Title: “Norse Mythology”
Author: Neil Gaiman
Length of Audiobook: 6 hours 29 minutes
Narrator: Neil Gaiman
Synopsis (from Goodreads): “Neil Gaiman has long been inspired by ancient mythology in creating the fantastical realms of his fiction. Now he turns his attention back to the source, presenting a bravura rendition of the great northern tales. In Norse Mythology, Gaiman fashions primeval stories into a novelistic arc that begins with the genesis of the legendary nine worlds; delves into the exploits of the deities, dwarves, and giants; and culminates in Ragnarok, the twilight of the gods and the rebirth of a new time and people. Gaiman stays true to the myths while vividly reincarnating Odin, the highest of the high, wise, daring, and cunning; Thor, Odin’s son, incredibly strong yet not the wisest of gods; and Loki, the son of a giant, a trickster and unsurpassable manipulator. From Gaiman’s deft and witty prose emerges the gods with their fiercely competitive natures, their susceptibility to being duped and to dupe others, and their tendency to let passion ignite their actions, making these long-ago myths breathe pungent life again.”
Trigger/Content warnings for the novel:
- character death
- [Note: There may be more — I forgot to keep track of them as I was listening]
Representation in the novel:
- …They’re gods and goddesses, I don’t know if anything really counts or not?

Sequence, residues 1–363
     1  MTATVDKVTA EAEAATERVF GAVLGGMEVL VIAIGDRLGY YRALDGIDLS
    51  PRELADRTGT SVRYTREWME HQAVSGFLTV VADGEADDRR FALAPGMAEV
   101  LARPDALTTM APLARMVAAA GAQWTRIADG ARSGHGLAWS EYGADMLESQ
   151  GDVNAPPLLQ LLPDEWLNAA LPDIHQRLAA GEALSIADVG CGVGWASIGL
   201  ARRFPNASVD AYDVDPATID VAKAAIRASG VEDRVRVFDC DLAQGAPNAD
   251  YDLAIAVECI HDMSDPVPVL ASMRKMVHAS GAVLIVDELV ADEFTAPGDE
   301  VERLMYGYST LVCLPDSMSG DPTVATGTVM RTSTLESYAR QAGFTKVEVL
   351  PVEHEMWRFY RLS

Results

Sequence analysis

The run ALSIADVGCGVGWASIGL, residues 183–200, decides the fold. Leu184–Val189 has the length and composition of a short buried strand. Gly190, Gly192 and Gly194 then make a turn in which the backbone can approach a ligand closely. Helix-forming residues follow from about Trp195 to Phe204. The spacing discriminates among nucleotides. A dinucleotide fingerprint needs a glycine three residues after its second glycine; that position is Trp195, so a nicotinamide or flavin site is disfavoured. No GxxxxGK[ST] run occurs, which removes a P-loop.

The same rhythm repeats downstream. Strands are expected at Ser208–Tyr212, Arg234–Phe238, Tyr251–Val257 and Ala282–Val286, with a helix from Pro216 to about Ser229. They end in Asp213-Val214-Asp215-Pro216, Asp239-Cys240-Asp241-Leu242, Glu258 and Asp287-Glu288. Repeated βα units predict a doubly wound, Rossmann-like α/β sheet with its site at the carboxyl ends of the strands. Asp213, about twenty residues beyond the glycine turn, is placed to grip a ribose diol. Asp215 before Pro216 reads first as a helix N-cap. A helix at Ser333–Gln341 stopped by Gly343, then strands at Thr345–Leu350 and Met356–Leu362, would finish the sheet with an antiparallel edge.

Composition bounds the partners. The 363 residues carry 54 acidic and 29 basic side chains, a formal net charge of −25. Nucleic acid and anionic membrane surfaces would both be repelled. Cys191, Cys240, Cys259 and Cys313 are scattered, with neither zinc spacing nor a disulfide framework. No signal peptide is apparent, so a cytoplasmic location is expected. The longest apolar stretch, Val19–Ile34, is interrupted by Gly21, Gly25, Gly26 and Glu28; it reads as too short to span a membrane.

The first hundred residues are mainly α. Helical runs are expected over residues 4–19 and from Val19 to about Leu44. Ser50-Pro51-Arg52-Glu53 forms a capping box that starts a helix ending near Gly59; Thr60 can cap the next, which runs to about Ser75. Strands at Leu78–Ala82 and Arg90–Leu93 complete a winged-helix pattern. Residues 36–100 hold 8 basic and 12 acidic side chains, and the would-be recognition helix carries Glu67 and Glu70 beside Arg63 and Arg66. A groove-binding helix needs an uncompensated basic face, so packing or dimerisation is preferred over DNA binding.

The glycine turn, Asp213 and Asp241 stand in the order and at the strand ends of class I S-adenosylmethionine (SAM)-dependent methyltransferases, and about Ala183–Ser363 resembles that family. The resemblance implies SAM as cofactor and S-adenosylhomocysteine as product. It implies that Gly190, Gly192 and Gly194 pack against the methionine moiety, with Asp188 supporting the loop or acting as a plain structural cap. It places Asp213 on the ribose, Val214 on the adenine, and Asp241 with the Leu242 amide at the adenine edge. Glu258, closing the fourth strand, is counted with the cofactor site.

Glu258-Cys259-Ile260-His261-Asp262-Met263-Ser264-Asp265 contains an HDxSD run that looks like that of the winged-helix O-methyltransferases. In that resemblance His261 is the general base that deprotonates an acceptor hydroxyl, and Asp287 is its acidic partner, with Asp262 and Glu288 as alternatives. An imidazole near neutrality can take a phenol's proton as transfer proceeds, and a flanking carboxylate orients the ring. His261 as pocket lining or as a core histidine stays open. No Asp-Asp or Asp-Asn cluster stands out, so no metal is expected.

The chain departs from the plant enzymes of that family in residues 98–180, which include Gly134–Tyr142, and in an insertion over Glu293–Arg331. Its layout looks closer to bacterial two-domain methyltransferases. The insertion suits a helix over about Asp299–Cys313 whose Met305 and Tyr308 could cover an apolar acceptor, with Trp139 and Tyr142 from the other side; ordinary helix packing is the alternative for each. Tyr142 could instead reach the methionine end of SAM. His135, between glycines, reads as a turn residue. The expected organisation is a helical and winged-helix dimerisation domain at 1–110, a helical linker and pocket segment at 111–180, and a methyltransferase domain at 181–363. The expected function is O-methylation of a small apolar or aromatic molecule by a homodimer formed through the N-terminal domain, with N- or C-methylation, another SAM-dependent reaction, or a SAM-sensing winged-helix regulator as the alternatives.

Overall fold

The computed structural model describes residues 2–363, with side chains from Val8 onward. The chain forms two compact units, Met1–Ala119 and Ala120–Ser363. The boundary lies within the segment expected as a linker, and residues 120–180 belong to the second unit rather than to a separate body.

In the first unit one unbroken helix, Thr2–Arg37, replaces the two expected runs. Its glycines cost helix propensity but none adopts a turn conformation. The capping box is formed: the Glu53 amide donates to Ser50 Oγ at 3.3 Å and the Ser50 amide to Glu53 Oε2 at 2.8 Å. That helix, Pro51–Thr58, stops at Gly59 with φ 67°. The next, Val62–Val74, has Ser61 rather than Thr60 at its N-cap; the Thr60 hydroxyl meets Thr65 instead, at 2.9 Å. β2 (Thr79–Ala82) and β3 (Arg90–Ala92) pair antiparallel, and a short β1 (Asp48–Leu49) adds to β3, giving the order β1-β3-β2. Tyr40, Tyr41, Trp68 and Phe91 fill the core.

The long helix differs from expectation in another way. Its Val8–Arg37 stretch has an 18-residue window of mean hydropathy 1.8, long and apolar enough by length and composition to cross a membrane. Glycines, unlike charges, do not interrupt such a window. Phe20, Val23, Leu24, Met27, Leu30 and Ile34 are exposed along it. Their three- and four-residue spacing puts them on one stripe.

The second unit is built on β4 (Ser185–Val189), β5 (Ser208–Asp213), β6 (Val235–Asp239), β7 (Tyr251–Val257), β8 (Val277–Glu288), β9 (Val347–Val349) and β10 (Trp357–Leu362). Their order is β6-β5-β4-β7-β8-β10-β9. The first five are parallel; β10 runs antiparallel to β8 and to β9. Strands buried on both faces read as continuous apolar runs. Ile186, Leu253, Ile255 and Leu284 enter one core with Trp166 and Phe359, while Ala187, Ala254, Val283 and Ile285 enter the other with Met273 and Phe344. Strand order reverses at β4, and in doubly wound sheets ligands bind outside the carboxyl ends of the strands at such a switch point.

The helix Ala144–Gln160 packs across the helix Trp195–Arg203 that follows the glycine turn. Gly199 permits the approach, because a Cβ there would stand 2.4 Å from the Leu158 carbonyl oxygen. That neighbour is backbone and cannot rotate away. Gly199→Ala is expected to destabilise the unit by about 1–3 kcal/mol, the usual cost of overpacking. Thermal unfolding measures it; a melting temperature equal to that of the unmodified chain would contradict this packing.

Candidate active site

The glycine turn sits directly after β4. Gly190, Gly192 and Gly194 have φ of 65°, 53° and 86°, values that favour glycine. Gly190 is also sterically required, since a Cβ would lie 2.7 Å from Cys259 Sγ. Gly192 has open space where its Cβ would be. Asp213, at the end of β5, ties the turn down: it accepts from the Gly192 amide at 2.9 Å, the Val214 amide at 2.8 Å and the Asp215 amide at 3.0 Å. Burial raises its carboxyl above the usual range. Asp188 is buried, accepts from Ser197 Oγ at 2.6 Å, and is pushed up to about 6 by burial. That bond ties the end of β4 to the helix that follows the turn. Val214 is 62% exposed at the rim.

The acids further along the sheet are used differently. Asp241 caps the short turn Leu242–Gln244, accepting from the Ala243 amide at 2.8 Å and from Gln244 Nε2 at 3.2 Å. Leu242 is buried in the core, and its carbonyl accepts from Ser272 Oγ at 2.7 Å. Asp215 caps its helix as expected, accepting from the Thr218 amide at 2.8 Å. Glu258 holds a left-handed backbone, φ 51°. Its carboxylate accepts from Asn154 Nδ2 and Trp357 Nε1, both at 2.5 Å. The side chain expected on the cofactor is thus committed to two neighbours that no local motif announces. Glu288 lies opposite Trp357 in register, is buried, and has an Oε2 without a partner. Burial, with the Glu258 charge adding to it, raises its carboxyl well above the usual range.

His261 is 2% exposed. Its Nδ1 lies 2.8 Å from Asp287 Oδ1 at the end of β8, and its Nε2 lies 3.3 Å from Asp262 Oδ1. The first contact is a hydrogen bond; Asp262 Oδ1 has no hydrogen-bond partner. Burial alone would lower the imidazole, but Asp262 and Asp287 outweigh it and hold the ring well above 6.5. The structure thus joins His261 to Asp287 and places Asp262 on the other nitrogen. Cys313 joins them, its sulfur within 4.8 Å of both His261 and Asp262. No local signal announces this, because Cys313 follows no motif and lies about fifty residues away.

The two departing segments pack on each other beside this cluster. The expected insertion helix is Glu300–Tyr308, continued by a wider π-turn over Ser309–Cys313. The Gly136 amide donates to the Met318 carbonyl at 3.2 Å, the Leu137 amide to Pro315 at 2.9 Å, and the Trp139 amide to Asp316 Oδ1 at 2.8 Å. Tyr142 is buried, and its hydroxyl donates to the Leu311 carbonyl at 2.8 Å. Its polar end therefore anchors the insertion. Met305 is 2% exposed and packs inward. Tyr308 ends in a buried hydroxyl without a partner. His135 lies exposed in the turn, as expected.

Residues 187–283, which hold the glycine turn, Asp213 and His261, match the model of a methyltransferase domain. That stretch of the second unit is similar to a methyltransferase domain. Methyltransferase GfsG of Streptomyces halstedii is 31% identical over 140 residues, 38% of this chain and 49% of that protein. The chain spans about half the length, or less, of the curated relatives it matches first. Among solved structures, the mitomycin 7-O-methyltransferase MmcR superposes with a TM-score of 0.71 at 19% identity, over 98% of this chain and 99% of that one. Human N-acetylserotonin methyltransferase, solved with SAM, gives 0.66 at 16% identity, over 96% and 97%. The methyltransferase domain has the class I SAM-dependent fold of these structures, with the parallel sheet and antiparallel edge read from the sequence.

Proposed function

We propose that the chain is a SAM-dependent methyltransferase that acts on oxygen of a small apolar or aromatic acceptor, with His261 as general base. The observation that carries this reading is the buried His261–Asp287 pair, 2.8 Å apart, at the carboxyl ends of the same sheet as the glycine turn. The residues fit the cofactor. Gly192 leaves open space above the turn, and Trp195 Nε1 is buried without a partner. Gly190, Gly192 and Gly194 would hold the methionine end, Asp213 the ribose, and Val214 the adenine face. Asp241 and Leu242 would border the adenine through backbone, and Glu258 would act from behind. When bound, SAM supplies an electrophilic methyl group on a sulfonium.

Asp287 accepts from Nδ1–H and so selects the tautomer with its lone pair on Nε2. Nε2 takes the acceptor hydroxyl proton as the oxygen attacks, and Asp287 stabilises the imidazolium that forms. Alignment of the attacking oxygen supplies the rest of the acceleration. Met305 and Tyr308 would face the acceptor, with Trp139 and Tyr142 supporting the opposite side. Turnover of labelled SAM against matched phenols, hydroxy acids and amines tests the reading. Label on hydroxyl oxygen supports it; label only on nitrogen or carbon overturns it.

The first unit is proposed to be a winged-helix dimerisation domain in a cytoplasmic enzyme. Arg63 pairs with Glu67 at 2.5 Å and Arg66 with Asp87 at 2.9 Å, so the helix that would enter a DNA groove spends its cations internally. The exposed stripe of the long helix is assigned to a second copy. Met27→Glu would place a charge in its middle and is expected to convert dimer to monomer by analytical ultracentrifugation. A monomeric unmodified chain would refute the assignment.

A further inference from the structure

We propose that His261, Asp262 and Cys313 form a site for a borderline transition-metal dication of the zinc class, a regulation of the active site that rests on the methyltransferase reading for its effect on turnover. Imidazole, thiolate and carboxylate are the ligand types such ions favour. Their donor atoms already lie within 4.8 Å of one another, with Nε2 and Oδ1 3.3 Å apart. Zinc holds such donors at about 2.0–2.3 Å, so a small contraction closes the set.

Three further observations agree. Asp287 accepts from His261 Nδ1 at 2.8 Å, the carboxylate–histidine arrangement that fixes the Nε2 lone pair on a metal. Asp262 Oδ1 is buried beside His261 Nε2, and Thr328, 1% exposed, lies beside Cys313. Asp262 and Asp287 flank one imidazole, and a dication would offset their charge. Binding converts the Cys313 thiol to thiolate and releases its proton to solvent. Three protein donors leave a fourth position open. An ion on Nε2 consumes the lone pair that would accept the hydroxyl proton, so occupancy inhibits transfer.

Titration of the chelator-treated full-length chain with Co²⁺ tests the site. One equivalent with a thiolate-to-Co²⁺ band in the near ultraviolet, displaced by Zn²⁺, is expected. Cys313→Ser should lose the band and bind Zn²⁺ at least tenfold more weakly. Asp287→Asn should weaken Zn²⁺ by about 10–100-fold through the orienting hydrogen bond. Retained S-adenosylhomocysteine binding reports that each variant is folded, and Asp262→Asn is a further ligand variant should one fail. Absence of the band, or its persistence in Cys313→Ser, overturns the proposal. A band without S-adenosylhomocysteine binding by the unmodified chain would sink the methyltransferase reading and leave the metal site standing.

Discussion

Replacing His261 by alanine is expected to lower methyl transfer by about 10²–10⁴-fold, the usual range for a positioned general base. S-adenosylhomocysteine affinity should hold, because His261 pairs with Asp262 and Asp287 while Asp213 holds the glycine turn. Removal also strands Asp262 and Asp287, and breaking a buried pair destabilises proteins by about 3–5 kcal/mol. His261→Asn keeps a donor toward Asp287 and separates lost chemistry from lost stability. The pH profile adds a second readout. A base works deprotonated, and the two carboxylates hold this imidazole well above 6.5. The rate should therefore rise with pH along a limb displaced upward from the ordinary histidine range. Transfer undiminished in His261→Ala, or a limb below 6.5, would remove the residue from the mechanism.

I will admit, this was one of those audiobooks I impulsively borrowed from OverDrive because I wanted another book to read, and I am so glad it was. It was my first time with both a Gaiman book and Gaiman as a narrator, and I was floored.
Norse Mythology is exactly what it sounds like: it is a book about Norse mthology, with both the beginning of the world and the end of the world and some fun stories in between. You have the major players most people know — Odin, Thor, and Loki — along with many that people may not recognize. The sroies range from Loki’s trickery to how the end of the world comes about, and they also seem to go in a somewhat linear order.
Overall, I really enjoyed my experience. Like, really enjoyed it. Gaiman is such a good narrator: he not only has a soothing voice, but he puts so much emotion into the story. I am pretty sure I teared up a couple times, and I definitely laughed out loud at least five. I am surprised about that latter part. I thought it was all going to be serious, similar to a dry textbook on mythology, but that was not the case. While there were indeed some serious moments throughout the novel, there were plenty of scenes between Thor and lokie, as well as Loki one-liners, that had me chuckling out loud. I think this enhanced the novel immensely: without it, the reader would have a book with dry characters and not-as-engaging stories.
Moving on to the plot and characters: I liked how the short stories/chapters were arranged. The beginning and end were quite clear, but there seemed to be a bit more leeway regarding when the rest of the chapters took place. They sort of flowed from one to the other, and while a lot of them had repeating characters, the reader does not have to necessarily read the other chapters in order to understand the chapter they read at any given time. But why would you want to skip anything? I loved most, if not all, of the chapters/stories. They were engaging and action-filled. And the characters! I knew about Loki, Thor, and Odin (thanks, Marvel), but there were a lot more that I had not idea about before I read this novel. They were interesting to read about, and I loved all of their personalities.
Tl;dr: Norse mythology books are rad, and I love them. Gimme more.
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